Nyilipidgi by Paul Grabowsky, Wilfred Brothers & Monash Art Ensemble, review by John McBeath


Album:  Nyilipidgi
Artist:   Paul Grabowsky, Wilfred Brothers & Monash Art Ensemble
Release Date: June 2016
Label:    ABC Jazz

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The best circumstance under which to listen to this album is in a live performance, but of course, opportunities for that are quite limited. I was fortunate to experience the work live at the 2016 Wangaratta Jazz Festival – where it achieved a standing ovation – and my opinion of it rose considerably.

Pianist/composer Paul Grabowsky began working with ceremonial musicians from Ngukurr, on the Roper River in South East Arnhem Land in 2004, and Nyilipidgi represents an apex of achievement where aspects of contemporary jazz are incorporated into Australian traditional music and vice versa.

Important contributions come from brothers Daniel Ngukurr Boy Wilfred – vocals and clapsticks (Bilma) and David Yipininy Wilfred on didjeridu (Yidaki) – whose traditional vocals, in song and story, with music are united in quite brilliant ways with jazz orchestrations and solos from members of the Monash Art Ensemble.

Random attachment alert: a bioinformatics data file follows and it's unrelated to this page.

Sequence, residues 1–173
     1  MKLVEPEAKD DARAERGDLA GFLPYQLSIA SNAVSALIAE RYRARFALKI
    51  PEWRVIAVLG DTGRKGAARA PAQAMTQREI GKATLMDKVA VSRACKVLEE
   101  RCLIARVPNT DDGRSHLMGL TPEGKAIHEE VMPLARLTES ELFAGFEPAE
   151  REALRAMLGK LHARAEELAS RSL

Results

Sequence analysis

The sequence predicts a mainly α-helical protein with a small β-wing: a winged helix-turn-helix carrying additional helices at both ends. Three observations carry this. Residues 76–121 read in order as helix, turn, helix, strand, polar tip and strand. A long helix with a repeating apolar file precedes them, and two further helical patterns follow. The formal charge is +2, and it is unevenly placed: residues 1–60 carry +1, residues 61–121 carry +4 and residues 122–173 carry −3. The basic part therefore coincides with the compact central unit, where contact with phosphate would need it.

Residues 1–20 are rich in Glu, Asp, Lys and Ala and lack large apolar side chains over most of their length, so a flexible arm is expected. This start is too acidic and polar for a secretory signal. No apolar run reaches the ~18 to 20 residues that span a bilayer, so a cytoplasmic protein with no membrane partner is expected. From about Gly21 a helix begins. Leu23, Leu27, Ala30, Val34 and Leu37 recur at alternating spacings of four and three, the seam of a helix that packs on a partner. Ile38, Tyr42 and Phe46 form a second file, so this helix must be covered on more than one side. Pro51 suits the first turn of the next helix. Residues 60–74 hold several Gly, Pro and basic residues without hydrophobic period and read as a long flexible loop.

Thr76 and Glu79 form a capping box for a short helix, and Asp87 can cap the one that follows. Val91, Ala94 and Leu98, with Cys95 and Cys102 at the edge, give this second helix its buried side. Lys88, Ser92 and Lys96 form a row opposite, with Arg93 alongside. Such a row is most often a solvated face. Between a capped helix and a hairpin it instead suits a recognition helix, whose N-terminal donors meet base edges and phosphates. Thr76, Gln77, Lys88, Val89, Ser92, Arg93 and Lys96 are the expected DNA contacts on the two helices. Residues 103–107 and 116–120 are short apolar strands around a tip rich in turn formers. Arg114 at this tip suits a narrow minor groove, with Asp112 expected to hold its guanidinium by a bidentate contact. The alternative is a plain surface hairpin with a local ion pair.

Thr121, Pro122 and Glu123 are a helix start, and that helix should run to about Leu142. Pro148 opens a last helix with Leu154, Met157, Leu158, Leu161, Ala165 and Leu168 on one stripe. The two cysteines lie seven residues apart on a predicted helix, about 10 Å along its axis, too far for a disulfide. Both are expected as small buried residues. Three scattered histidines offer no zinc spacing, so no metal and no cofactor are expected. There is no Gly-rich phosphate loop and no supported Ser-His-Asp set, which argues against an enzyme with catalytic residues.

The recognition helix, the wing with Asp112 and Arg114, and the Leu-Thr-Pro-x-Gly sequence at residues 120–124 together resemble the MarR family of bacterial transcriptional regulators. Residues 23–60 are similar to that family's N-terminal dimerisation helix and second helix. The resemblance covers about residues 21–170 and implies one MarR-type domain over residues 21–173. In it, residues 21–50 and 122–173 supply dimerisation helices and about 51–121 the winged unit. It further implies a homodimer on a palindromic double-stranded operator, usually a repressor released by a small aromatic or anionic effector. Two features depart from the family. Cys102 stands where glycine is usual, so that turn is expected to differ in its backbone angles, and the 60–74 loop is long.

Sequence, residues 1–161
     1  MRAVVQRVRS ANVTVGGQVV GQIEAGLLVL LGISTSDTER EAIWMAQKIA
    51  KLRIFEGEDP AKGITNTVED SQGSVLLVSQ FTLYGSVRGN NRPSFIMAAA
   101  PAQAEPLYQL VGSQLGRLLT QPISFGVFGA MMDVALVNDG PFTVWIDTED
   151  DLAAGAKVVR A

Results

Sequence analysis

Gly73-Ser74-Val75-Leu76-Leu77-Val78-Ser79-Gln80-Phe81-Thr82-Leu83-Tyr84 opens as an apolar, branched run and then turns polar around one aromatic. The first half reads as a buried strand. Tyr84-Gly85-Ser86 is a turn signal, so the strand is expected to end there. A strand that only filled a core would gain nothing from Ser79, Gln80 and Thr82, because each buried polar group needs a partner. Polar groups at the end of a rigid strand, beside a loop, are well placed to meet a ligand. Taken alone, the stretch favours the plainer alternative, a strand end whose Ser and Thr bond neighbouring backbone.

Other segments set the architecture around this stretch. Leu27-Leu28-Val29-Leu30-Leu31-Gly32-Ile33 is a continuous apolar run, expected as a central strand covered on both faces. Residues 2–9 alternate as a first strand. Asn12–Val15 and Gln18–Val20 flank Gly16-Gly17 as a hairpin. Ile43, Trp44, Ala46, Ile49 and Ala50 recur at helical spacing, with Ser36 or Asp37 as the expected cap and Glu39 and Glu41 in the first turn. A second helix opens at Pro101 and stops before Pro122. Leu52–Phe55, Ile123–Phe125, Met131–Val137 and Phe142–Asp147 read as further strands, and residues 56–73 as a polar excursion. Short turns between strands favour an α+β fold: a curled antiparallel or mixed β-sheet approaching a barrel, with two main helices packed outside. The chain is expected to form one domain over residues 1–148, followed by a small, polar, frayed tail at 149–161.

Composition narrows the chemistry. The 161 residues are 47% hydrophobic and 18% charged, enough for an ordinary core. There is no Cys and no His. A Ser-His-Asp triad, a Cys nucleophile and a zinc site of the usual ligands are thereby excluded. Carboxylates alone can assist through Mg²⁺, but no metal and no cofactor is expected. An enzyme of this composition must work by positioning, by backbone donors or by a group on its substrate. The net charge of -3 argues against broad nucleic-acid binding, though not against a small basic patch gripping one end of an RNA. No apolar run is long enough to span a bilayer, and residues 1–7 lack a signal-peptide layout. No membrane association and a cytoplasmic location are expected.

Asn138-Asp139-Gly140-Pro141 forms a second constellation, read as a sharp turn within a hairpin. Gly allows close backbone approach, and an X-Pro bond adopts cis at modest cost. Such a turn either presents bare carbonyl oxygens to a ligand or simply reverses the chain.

Indigenous aspects are displayed in all tracks. From the very beginning in The First Dance for example, clapsticks and chanting transmute via a violin and percussion passage into big band staccato chords and a soft conversation that fades to a conclusion.

Grabowsky has overcome the almost unimaginable challenge of this musical achievement without sacrificing aspects of either genre. The cover notes are useful in explaining and elaborating: ‘Nyilipidgi does not attempt a superficial integration of differing traditions . . . that relegates music to the mere representation of style.’

What Grabowsky has achieved here is an original jazz symphony of monumental proportion utilising words, dances and songs (manikay) of the Wagilak clan somehow amalgamated with jazz influences in a quite moving original, musical landmark.

Review originally published by the Australian

For just over 24 years I have been a freelance writer, publishing in that time a wide variety of genres: news items, live concert reviews, travel articles, features, personality profiles, and CD and book reviews. I have written for various in-flight magazines, The Adelaide Review, The Republican, The Bulletin, The Australian, The Advertiser, The Melbourne Herald Sun and several regional newspapers. In 1994 I won a national travel-writing prize sponsored by The Australian newspaper, which led to my writing regularly for that paper. Since 2003 I have been jazz critic for The Advertiser and The Australian newspapers, on average contributing weekly to each paper. In 2005 I won a national Jazz Writing Competition sponsored by the Wangaratta Jazz Festival.